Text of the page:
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June 28, 2010

I’m currently reading: Suite Francaise by Irene Nemirovsky. In it, one of the characters, a writer, muses on his craft:

“In a novel, there is nothing more valuable than teaching the lesson of humility to the heroes.”

I had to stop reading to think about that. For me, it was a different way of looking at what writers do to characters in order to tell their stories. Is the statement true? I felt that it was, but, needing to test it, I thought about some of the fictional heroes (both male and female) who have seemed particularly alive to me and whose stories have stuck with me through the years.

Jane Eyre, a long-time favorite, certainly fits the profile. Bronte begins the story when Jane is a child, an orphan, forced to live with relatives who never let her forget her dependent status. Bessie, one of the servants, tells her: “You ought to be aware, miss, that you are under obligation to Mrs. Reed; she keeps you; if she were to turn you out, you would have to go to the poorhouse.” How humiliating is that! But what a great way to begin a story–we have an appealing character to sympathize with, an underdog to root for. A little later, Bessie tells Jane, ” …you ought not to think yourself on an equality with the Misses Reed and Master Reed . . . they will have a great deal of money and you will have none; it’s your place to be humble, and to try to make yourself agreeable to them.” Does Jane take Bessie’s advice? Of course not. She fights back–and thus begins a life filled with one humiliation after another until, at the book’s end, she has faced every imaginable adversity–and we, the readers, feel an almost personal pride in the woman the child has become.

Grapes of Wrath tells the story of the Joad family, forced out of their home in Oklahoma by the economic desperation of the dust-bowl years. I can’t think of a character who faces more humiliation than Tom Joad–or a hero I admire more.

Who can forget Tom Sawyer, forced to paint the fence on a Saturday morning while his fancy-free schoolmates stop by to gloat? We all know how Tom turned that humiliation into a boy’s dream of riches.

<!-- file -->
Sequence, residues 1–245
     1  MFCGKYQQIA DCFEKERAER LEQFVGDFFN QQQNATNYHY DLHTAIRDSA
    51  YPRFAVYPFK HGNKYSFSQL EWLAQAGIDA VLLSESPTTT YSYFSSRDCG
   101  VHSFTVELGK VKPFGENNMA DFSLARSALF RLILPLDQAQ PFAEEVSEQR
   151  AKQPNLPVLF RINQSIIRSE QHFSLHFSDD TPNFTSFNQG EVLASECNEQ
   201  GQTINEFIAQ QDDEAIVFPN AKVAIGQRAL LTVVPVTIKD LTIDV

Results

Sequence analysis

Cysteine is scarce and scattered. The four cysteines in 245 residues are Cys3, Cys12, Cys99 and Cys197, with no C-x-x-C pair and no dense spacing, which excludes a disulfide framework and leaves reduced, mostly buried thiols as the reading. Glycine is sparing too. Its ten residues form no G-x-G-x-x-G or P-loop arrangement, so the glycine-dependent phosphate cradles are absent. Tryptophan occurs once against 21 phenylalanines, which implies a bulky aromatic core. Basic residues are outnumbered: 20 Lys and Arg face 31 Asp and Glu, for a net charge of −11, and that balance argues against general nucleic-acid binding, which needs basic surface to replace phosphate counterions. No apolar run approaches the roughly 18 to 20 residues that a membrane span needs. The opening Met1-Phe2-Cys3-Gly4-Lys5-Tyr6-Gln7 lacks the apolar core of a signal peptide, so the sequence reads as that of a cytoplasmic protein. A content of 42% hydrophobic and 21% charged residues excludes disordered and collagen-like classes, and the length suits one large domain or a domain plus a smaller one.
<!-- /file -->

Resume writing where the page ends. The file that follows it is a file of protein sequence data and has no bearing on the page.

Think of Toni Morrison. Her novels are filled with characters who face humiliation with heroic dignity. We cry with them. We root for them. We remember them.

The list could go on. I’m sure everyone has a personal favorite they could add. So the statement must be true, but I have to wonder why. Do we enjoy seeing other people humiliated? I refuse to believe that. Maybe it’s because, while we all dream about the guy on the white horse, the hero we hold in our hearts is the one with whom we can identify. That makes more sense to me. And it makes a much better story.

A note: In case anyone wonders, I heartily recommend Suite Francaise. The book is set in France during World War II and is populated with complex, vulnerable characters. They’re not all likable, but they are totally believable–and memorable. 

7 Comments leave one →
  1. June 28, 2010 10:05 AM

    I’ve noted the title of the books, Sandy. Also, you’ve given great examples of tragic heroes and their humiliations.

  2. June 28, 2010 12:29 PM

    Thanks, Loretta, for stopping by.

  3. June 29, 2010 2:39 PM

    My main charachter has none of that. I have to revise it. This post is timely for me because I don’t want a forgettable MC. Thanks so much.

  4. June 29, 2010 3:21 PM

    Actually, that makes sense. In my latest upcoming book, LIghts! Camera! Murder, I humiliated my character from the start. It gives the character a point from which to grow. I did it with many other characters now that I think about it. Humiliation serves to make characters humble, fragile, vulnerable, just like us real folks. Life would be pretty boring and predicable if all went our way every day. A person, and character, has to learn how to win and lose. Very interesting post, thanks!

    • July 1, 2010 10:02 PM

      Love your title, Loni. I agree with your comment that humiliation gives a character a point from which to grow. Thanks for sharing.

  5. June 29, 2010 7:02 PM

    I agree with your statement:
    “Maybe it’s because, while we all dream about the guy on the white horse, the hero we hold in our hearts is the one with whom we can identify.”

    Who cares for the perfect hero, and, although we don’t want our friends to suffer, we do like our characters more when they do.

  6. June 30, 2010 7:23 AM

    Thanks for stopping by Ladies.

    Carmen, glad you agree.

    Carole, good luck with your MC. I think we’re all trying to avoid forgettable MCs. That why (well, one of the reasons) we read other writers’ blogs – we all hope to pick up some tips. My prediction is that, since you have a conscious goal in mind, you’ll achieve it.

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